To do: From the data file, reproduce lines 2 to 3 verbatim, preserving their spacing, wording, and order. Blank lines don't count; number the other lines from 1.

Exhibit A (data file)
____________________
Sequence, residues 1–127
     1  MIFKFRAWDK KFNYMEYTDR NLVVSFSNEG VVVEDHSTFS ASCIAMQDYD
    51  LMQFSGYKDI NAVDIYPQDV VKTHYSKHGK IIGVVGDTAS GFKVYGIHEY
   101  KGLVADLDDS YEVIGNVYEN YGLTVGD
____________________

     1  MIFKFRAWDK KFNYMEYTDR NLVVSFSNEG VVVEDHSTFS ASCIAMQDYD
    51  LMQFSGYKDI NAVDIYPQDV VKTHYSKHGK IIGVVGDTAS GFKVYGIHEY